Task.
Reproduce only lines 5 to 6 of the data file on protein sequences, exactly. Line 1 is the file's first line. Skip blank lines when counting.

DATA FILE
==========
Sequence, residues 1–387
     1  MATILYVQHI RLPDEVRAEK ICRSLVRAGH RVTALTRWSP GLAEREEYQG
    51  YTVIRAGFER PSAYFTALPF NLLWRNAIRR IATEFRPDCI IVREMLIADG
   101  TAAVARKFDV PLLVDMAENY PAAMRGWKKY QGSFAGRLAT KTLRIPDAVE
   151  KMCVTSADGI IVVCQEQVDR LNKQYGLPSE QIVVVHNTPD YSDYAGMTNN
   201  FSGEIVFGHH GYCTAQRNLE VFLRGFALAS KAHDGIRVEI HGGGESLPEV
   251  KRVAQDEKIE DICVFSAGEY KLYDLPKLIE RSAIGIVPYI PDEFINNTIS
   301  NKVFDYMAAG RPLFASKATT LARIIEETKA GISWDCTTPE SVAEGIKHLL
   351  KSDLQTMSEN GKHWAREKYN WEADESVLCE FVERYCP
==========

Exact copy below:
   151  KMCVTSADGI IVVCQEQVDR LNKQYGLPSE QIVVVHNTPD YSDYAGMTNN
   201  FSGEIVFGHH GYCTAQRNLE VFLRGFALAS KAHDGIRVEI HGGGESLPEV